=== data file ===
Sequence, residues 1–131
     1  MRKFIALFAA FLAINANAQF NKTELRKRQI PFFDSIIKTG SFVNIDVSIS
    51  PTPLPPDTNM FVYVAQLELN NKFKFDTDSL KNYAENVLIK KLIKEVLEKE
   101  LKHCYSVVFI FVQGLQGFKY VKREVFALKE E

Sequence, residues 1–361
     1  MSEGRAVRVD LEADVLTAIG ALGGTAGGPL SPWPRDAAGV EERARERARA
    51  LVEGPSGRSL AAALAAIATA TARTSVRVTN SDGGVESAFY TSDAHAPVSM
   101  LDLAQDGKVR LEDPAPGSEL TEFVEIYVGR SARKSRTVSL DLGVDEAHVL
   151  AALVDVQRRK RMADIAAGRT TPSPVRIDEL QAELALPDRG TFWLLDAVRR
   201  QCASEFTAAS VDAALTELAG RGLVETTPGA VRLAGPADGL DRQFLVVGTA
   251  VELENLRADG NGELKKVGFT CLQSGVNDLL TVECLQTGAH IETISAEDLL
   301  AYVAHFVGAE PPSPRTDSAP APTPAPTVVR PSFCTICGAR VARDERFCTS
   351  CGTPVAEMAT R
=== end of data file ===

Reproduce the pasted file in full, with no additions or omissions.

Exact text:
Sequence, residues 1–131
     1  MRKFIALFAA FLAINANAQF NKTELRKRQI PFFDSIIKTG SFVNIDVSIS
    51  PTPLPPDTNM FVYVAQLELN NKFKFDTDSL KNYAENVLIK KLIKEVLEKE
   101  LKHCYSVVFI FVQGLQGFKY VKREVFALKE E

Sequence, residues 1–361
     1  MSEGRAVRVD LEADVLTAIG ALGGTAGGPL SPWPRDAAGV EERARERARA
    51  LVEGPSGRSL AAALAAIATA TARTSVRVTN SDGGVESAFY TSDAHAPVSM
   101  LDLAQDGKVR LEDPAPGSEL TEFVEIYVGR SARKSRTVSL DLGVDEAHVL
   151  AALVDVQRRK RMADIAAGRT TPSPVRIDEL QAELALPDRG TFWLLDAVRR
   201  QCASEFTAAS VDAALTELAG RGLVETTPGA VRLAGPADGL DRQFLVVGTA
   251  VELENLRADG NGELKKVGFT CLQSGVNDLL TVECLQTGAH IETISAEDLL
   301  AYVAHFVGAE PPSPRTDSAP APTPAPTVVR PSFCTICGAR VARDERFCTS
   351  CGTPVAEMAT R